The Assistant Treasurer announces the Government's decision that superannuation funds offering asset test exempt pensions will have to provide actuarial certification of their ability to meet promised payments.

The RBA's Payments System Board holds its first meeting.


APRA releases a booklet, Y2K – Year 2000 Responsibilities: A Guide for Super Fund Trustees, describing the potential impact of the Year 2000 problem on superannuation funds and outlining an action plan for superannuation fund trustees to ensure Year 2000 compliance.

APRA commences a program of revising and re-issuing its Superannuation Circulars which provide general guidance on issues arising under the Superannuation Industry (Supervision) Act 1993.


RBA and APRA release a Memorandum of Understanding covering their respective responsibilities for promoting the stability of the Australian financial system.

APRA and ASIC release a Memorandum of Understanding setting out how the two agencies will co-operate in the regulation of the Australian financial system.

APRA releases details of its audit requirements for the derivatives risk management statements of superannuation funds.


The Australian Accounting Standards Board releases the accounting standard Life Insurance Business (AASB-1038).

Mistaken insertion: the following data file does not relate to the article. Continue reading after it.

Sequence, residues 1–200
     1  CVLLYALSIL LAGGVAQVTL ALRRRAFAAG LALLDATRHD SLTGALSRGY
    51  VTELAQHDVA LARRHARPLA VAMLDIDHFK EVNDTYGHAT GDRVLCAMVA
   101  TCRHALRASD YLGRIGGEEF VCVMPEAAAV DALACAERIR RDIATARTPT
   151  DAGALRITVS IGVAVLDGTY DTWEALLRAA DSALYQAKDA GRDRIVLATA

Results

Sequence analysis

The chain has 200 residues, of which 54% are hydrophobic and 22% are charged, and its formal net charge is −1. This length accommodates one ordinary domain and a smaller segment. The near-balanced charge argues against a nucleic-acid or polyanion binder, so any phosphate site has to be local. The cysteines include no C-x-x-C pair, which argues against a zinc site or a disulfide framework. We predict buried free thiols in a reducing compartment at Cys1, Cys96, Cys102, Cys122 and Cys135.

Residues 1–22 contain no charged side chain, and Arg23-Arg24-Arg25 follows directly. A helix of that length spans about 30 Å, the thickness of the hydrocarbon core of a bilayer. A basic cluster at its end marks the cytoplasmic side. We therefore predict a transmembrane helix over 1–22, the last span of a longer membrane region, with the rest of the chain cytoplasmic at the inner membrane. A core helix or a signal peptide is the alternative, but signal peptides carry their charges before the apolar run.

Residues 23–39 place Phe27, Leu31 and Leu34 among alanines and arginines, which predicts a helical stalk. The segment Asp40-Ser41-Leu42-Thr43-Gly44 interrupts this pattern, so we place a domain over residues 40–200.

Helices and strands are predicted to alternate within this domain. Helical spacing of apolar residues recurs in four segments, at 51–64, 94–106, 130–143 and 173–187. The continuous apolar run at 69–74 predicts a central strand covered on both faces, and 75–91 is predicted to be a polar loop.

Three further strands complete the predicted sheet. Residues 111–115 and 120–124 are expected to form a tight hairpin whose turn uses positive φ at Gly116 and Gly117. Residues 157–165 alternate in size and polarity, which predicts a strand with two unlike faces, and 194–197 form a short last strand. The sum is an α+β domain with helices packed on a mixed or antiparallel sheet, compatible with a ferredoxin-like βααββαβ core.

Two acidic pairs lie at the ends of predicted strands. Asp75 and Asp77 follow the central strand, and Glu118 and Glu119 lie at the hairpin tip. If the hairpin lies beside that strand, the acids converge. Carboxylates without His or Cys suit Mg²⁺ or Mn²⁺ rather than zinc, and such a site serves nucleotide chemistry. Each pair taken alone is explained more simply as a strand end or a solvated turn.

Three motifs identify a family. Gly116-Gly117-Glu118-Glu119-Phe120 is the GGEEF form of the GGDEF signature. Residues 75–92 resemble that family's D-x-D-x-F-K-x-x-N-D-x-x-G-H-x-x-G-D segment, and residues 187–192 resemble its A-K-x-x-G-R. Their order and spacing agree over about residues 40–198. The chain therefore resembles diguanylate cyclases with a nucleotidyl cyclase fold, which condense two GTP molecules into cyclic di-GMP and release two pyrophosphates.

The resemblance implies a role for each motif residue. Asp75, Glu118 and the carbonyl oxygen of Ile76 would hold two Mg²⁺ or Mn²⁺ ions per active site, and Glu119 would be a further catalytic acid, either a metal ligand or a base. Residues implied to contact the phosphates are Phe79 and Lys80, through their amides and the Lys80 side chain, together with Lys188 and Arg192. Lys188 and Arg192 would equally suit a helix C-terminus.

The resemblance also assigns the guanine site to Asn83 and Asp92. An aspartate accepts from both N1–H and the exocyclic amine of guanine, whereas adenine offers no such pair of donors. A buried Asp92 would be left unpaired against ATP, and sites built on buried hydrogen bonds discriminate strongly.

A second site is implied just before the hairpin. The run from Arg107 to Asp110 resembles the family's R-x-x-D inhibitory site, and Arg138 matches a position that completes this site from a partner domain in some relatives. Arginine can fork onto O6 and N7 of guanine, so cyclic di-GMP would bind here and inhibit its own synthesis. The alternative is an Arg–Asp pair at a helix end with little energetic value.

APRA and ASIC release a joint booklet, A Guide for Trustees of Corporate, Public Offer and Industry Superannuation Funds, providing guidelines on the respective roles and responsibilities of the two agencies.

The Minister for Financial Services and Regulation launches ASIC's new Consumer Advisory Panel.


The Superannuation Legislation Amendment Bill 1997 is reintroduced into Parliament as the Superannuation Legislation Amendment Bill 1998.

The Superannuation Legislation Amendment (Resolution of Complaints) Act 1998 receives Royal Assent. The Act provides an interim solution to the constitutional problem experienced by the Superannuation Complaints Tribunal.

APRA issues draft amendments to its capital requirements for banks incorporating new provisions for bilateral netting. The provisions are consistent with the guidelines of the Basle Committee on Banking Supervision.